Did anyone have “armchair investors on Reddit beat multi-billion-dollar hedge fund” on their 2021 bingo cards? If so, here are a couple of shares of the memeified BANG (BlackBerry, AMC, Nokia, and GameStop) stocks. The first quarter of the year was a raucous period for the financial markets, with self-proclaimed “degenerates” on a social network eviscerating Melvin Capital. This story certainly deserves a motion picture treatment a la The Big Short or The Wolf of Wall Street. But now that the decentralized hedge fund of 9.9 million online participants has taken down the smartest men and women in the room, the bears on The Street have ostensibly been permanently frightened off from betting against anything at the moment. While this would satisfy investors whom the shorts have burned, will this remove a crucial market function?
The Memeification of the Stock Market
Today’s market conditions are perfect for the short-sellers. Stocks are overvalued, the leading benchmark indices are sitting at all-time highs, and the Warren Buffett Indicator (a measurement of market valuation to gross domestic product) is at nearly 200%. Suffice it to say, elevated valuations, courtesy of the Federal Reserve’s money printer go brrr campaign, should provide ample supplies of ammo for the shorts. Well, not quite.
According to new numbers from Goldman Sachs Group, the median short interest in S&P 500 stocks rests at a 17-year low of 1.6% of market value. Morgan Stanley figures highlight that short-covering among European traders has collapsed bearish bets. JPMorgan Chase’s analytical team has seen hedge-fund longs at their highest levels in years.
On the one hand, accommodative monetary policy, aggressive fiscal stimulus and relief efforts, and the economic recovery should be reason enough to be bullish. On the other hand, consider this fact: Goldman Sachs’ handful of most-shorted stocks has spiked three times as much as the broader financial market this year amid the influx of Robinhooders during the January-March quarter.
The subreddit has crowdsourced stock information that is available to everyone. The one statistic that united a social media page – the percentage of float shorted – is public knowledge. The so-called apes on WSB used this to their advantage and forced the power players to cover their shorts, resulting in billions of dollars in losses for the hedge funds and lots of life-altering gains for retail traders.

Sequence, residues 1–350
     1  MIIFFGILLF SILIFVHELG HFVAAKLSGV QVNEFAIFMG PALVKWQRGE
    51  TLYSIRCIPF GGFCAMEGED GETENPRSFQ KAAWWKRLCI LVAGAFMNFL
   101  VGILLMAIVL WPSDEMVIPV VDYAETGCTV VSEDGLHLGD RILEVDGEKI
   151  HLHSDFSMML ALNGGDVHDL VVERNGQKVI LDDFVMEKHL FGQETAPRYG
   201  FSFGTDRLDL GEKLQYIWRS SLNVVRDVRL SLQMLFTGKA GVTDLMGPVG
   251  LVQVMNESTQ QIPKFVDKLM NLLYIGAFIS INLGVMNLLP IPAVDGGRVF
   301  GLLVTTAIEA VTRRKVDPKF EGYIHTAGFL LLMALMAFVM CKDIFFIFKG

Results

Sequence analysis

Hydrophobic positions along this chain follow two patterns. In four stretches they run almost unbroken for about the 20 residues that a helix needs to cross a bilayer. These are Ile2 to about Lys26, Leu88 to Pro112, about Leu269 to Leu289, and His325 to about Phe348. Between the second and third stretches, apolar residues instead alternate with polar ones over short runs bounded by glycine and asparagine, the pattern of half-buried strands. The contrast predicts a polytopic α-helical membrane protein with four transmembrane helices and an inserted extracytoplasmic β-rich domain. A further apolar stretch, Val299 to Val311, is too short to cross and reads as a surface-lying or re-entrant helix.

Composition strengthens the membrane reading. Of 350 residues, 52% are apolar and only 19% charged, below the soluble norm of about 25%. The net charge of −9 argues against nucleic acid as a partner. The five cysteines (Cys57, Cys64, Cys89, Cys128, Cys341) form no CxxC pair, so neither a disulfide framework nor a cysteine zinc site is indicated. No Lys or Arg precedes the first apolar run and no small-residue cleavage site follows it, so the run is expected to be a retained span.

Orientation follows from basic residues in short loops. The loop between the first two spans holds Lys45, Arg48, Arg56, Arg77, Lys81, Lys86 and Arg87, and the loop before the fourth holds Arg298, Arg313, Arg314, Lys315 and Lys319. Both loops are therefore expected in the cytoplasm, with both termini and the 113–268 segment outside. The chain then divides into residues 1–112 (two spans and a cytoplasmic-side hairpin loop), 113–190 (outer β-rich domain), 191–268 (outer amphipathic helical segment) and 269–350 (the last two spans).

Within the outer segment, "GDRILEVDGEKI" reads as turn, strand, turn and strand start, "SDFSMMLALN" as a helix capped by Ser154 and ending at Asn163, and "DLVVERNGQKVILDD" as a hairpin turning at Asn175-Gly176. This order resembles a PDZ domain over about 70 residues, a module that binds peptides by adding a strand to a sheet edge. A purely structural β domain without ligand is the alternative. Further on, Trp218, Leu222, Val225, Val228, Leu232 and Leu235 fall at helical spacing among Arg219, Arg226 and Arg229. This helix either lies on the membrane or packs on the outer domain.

While GameStop and AMC captured all the attention, other stocks that have been heavily shorted are still performing well. PubMatic, a cloud technology firm, has a short interest rate of 47%, but shares have rallied 92% year-to-date. GoGo, an airline Wi-Fi provider, has surged more than 13% since the end of March, despite a 30% of floated shorts. KemPharm, a specialty pharmaceutical company, faces an 11% short rate, but shares have surged 53% over the last three months.
“Short selling of what were historically the ‘go-to’ shorts has slowed dramatically and not been replaced by ‘new’ shorts,” Morgan Stanley researchers wrote in a client note. Tesla Motors CEO Elon Musk, who has had quite the beef with the short-sellers, must be smiling.
Will Burning the Shorts Have Consequences?
Contrary to popular opinion, the shorts play a critical role in the stock market. The professional short-sellers are not colluding and conspiring to take down businesses. Instead, they smell something fishy in the equities arena, they notice something wrong with the books, and they see an opportunity to make money. That is how shorts work – and sometimes they get it right, and sometimes they get it wrong.
A great example of this is the troubled Chinese coffee company Luckin. Muddy Waters Research downgraded the stock to “sell” before the rest of the market hit the sell button, calling it a “fundamentally broken business.” The firm tweeted in January 2020 that a “number of items per store per day was inflated by at least 69% in 2019 3Q and 88% in 2019 4Q.”
“Luckin shows exactly why we need short sellers in the market,” Muddy Waters founder Carson Block told CNBC. “We believed this report was credible when we read it, and that’s why we took a position.”
On the opposite end of the spectrum, short investors have lost tens of billions of dollars betting against Tesla Motors. Is the stock valuation justified? Perhaps it is not the company per se but the chief trolling officer behind the $700 billion brand. Maybe one day, Musk’s premium short shorts will be bought by vindicated Wall Street traders who were cynical about Tesla’s $720-a-share price. Until then, this bet was a massive black eye for the shorts, requiring a 14-ounce T-bone steak to nurse the bleeding under the skin around the eye.
Overdosing on Market Euphoria?
If the bears have left the party and the bulls are the last ones standing, does this mean euphoria has taken over the entire market? The financial colosseum has endured a once-in-a-century public health crisis, tens of millions of lost jobs, and thousands of shattered businesses. After facing this bombardment of terrible news, it seems like nothing can bring the stock market to its knees. Perhaps a capital gains tax hike, good old-fashioned inflation, and petrified institutional investors will be the banes of distress, forcing everyone into bonds, bullion, bitcoin, and bucks.
Read more from Andrew Moran.